On Friday November 29th, REI will be closing its 158 stores for “OptOutside”.
A bold move that started in 2015 when CEO, Jerry Strizke decided REI would close its doors on Black Friday while other giant retailers cashed in on one of the biggest spending sprees in the entire year.
“I was looking at the chaos of Black Friday and how more and more stores were opening on Thanksgiving and it just didn’t feel right,” Stritzke said in an interview. REI has never opened its doors on Thanksgiving, but the retail giant felt their employees should be spending more time with their families and hence closed its doors on Black Friday.
REI committed to putting their people before profits. In that same year REI posted its largest ever membership growth and revenue increased by 9.3% to $2.4 billion. Was it a coincidence the year they began operation “OptOutside” that same year they had the largest growth? Most certainly not. No other retailer had shut down on Thanksgiving and Black Friday.
It was the company’s steadfast belief that putting people before profits mattered most. They marched to the beat of their own drum, not following the herd but following their heart and it seems they spoke to the hearts of its members and non-members. An incredible 1.4 million people and outdoor companies, non-profits and organization spent their Black Friday with their families outdoors.
So what exactly prompted REI? Was it a marketing move or was it showing their people how much they were valued in the organization?
I choose the latter, because any other kind of marketing efforts would not have cost them as much as it did paying their 1200+ employees and a willingnes to loose one of their top 10 revenue days.
This year, CEO, Eric Artz announced REI is taking the initiative further and asking all 18 million members to part take in #OPtoutside in a clean-up effort nation-wide.
REI has been working toward zero-waste operations and challenging the industry to eliminate unnecessary packaging.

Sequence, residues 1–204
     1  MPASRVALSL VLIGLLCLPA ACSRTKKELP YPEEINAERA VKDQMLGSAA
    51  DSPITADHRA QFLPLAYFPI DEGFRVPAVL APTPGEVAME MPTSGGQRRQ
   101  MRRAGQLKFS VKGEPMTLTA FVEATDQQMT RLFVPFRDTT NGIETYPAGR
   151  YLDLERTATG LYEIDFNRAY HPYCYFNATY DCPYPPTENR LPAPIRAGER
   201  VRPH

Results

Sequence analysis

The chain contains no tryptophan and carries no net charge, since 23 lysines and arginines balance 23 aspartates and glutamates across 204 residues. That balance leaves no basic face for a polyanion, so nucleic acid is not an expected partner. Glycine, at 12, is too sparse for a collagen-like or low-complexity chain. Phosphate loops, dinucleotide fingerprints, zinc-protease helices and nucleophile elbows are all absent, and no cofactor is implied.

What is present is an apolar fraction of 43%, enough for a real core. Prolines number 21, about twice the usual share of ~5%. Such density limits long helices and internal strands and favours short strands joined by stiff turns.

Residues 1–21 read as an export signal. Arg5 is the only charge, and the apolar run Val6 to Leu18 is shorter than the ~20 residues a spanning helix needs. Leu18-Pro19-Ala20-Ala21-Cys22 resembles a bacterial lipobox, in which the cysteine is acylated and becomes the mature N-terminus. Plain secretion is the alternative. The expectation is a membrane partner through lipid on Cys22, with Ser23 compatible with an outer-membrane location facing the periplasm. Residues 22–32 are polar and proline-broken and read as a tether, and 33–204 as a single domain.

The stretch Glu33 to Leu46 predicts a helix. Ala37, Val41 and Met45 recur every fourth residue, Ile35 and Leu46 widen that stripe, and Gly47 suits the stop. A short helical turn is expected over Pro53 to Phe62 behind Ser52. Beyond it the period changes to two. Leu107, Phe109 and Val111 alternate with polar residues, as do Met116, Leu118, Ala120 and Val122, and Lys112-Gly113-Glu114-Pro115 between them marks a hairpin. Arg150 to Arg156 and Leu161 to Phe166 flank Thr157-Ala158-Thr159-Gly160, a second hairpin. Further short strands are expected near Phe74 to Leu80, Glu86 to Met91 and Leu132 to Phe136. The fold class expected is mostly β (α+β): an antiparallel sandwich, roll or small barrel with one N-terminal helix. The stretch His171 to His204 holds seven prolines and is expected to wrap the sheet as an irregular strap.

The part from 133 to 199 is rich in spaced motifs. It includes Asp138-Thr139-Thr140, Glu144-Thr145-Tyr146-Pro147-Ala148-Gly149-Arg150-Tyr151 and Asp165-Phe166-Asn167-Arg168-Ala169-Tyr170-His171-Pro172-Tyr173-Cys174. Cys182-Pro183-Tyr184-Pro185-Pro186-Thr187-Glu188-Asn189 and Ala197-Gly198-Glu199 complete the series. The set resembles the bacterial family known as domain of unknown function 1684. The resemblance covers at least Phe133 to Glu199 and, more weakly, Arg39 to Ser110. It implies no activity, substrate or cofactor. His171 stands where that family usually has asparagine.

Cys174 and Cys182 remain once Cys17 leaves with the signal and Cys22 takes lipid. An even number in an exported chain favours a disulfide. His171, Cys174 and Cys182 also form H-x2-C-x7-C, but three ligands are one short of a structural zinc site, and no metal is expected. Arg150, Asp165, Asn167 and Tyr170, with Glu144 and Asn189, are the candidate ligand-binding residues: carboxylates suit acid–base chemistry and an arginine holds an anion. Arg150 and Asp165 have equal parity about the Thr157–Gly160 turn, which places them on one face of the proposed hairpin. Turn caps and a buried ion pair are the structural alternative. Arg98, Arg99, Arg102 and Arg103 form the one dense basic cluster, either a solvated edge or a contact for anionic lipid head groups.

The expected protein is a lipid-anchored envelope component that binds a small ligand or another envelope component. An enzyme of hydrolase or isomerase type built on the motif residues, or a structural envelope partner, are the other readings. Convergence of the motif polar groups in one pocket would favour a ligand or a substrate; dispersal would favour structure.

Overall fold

Here is how REI demonstrated leadership:
- Put action to their core values.
- They were aware of their competition’s blind spots to what customers really wanted: aligning their purchase with their values (emotional ROI)
- Made connection to millions of people and organizations by being an authentic voice.
- Stood in vulnerability, taking guts and courage over fear of risk.
- Didn’t forget about the passion and purpose that got them started in the business.
What was a purpose driven initiative to put their people before profits evoked consumers to be inspired by their actions, increasing their membership and becoming a hero in the hearts of many.
True heros are those willing to take risks, be vulnerable and stand for what they believe in.
What Can We Learn From REI? When we choose to have real integrity to our core values and are willing to take actions that will move an organization forward, we are leading purposefully. When your customers bear witness to your integrity, you gain their trust and loyalty and a natural alignment begins between your authenticity and their values.
So, I leave all leaders, CEO’s, and decision makers with this quote: “You are not here merely to make a living. You are here in order to enable the world to live more amply, with greater vision, with a finer spirit of hope and achievement. You are here to enrich the world, and you impoverish yourself if you forget the errand.” —Woodrow Wilson